3 and a half months in India and not a single blog post… we had so many plans but as they say, if you want to hear God laugh, tell her your plans…

ha ha ho ho ho..

I ordered a really cool little toy camera before we left which, err, got intercepted by indian customs and they never gave it back, 150 phone calls notwithstanding. Result: photo-less-Mark. My bottom lip quivereth still… but you just have to take what she dishes out, that India, that big, buxom, wild mother…

Charlotte’s camera started not taking pictures quite soon too – taking them sometimes and not others, as if it were possessed with its own will. It can be a teeny bit frustrating, standing before the epic, the majestic, vainly pushing the index finger as the moment passes… The fact that i didn’t end up throwing it in the river makes me feel like my spiritual practice is actually paying off.

There are some scanty tid-bits, here below. Sorry dear readers, not to offer more…

We’re both such devotees of Indian food that we never even tried to maintain a raw lifestyle there. I had absolutely no intention of holding back – it may be the last chance I get, so I lapped up everything she had to offer with true, wonton abandon – samosas and all (Charlotte of course was a bit more restrained!).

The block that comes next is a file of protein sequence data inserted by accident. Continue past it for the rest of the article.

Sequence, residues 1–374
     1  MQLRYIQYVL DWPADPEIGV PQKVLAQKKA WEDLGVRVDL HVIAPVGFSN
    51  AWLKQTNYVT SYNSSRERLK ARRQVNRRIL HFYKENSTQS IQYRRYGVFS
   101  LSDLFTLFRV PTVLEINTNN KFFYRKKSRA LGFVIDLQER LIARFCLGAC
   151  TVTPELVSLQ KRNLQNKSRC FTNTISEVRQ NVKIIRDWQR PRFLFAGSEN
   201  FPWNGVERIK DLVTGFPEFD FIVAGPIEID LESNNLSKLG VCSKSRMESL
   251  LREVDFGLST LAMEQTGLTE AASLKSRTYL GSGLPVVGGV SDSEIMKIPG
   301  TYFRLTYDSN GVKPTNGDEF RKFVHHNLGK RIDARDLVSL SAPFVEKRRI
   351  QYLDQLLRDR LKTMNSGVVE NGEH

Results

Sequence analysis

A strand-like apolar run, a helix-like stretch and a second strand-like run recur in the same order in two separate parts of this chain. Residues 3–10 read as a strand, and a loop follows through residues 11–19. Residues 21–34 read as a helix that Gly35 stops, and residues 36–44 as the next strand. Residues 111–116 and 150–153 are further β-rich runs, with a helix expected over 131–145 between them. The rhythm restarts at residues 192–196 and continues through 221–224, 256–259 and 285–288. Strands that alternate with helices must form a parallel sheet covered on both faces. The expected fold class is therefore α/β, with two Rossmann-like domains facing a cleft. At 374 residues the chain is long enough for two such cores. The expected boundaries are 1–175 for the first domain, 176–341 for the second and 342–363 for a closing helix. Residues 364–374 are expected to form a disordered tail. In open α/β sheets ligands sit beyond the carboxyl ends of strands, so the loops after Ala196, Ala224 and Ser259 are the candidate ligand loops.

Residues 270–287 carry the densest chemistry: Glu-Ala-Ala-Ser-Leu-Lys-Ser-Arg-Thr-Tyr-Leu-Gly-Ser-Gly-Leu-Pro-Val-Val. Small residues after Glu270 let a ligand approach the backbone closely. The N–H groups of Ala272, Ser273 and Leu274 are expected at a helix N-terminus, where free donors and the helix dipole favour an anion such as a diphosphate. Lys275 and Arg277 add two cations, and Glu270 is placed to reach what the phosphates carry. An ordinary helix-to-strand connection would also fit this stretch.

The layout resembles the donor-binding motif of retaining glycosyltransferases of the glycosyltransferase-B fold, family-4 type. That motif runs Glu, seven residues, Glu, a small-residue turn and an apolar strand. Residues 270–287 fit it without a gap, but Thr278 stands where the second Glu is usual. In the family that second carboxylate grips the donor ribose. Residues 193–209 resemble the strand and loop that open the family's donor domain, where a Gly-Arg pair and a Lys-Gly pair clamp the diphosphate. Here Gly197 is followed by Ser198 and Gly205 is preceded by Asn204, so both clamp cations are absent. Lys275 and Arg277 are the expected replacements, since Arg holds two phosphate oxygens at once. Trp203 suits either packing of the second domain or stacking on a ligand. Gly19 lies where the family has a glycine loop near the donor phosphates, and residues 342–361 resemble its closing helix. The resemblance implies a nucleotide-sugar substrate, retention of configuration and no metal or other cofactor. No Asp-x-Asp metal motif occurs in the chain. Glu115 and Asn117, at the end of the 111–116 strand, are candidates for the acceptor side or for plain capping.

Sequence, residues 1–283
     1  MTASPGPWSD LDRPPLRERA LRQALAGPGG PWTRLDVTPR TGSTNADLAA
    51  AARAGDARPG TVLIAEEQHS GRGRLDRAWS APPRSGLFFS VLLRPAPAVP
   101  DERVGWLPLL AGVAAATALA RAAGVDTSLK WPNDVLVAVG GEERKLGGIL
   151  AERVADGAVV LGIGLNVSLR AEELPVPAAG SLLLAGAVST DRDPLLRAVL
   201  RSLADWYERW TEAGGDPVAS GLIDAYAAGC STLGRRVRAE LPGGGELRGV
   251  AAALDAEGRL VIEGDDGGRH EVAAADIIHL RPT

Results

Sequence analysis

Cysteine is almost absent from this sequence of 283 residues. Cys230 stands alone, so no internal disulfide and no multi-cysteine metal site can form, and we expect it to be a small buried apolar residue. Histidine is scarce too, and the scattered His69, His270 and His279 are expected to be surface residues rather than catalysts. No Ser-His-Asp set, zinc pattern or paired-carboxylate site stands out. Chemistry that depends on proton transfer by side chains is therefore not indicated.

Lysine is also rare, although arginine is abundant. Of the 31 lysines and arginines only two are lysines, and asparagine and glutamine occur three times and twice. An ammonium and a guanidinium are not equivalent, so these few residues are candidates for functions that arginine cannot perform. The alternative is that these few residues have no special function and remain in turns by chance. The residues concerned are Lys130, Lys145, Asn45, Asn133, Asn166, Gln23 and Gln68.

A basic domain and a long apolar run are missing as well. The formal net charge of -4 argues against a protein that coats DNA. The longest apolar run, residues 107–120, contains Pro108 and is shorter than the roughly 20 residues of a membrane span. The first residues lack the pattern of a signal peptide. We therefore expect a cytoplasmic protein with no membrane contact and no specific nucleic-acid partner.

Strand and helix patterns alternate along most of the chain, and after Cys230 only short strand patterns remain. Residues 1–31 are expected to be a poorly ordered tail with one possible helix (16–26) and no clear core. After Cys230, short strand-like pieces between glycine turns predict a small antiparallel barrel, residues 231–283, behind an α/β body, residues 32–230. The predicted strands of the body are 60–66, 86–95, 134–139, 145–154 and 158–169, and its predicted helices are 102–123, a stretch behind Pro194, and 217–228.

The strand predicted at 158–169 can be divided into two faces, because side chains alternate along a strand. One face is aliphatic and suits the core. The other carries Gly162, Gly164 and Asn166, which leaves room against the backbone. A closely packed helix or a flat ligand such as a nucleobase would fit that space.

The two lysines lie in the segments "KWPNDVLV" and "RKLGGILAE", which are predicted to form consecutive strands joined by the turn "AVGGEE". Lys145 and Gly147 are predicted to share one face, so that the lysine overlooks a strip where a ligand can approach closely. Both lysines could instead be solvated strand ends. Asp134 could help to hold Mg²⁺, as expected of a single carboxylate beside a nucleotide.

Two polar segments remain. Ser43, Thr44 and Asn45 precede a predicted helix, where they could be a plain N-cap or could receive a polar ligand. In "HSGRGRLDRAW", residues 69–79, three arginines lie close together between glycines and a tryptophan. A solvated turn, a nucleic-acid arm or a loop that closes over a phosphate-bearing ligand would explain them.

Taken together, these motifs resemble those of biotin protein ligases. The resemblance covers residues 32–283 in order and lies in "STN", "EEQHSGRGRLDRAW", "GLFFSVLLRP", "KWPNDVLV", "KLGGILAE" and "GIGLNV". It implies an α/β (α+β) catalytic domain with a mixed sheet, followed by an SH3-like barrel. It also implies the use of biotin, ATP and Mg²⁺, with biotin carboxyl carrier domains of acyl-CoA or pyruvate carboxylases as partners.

There are millions of healthy, vital (and some enlightened) Indian’s who live on mostly daal and rice, but my trip was not so aescetic.. Constant eating in restaurants and cafes, poor quality oil and generally rich, complex meals in the end left me feeling sluggish, and looking forward to having our own kitchen again (but it was just gorgeous fun while it lasted!).

We did a lot (a LOT) of hard research into Dosas. Have you heard of a Dosa? The crowning achievement of thousands of years of South Indian devotion to food. Eaten daily by millions for breakfast, lunch and dinner, the balance of simple elements creates a sublime meal.

Often the cheapest meal on the street, my favorite of the trip was in a little cafe in Mangalore, Sri Ganesh Prasad, for a confounding 17 rupees (23 pence). It’s also a good representation of our food journey because it’s a combination of raw, fermented and cooked foods.  See the end of the post for some recipes.

We kept breakfast raw. Easy as there’s so much amazing fruit and easy access to markets. We’ve been worshipping at the Papaya temple almost every day since we left. Huge, juicy whoppers that we’d mix with any greens we could find, fresh nuts, yoghurt sometimes and some superfoods we bought with us (barleygrass, spirulina, pollen and maca).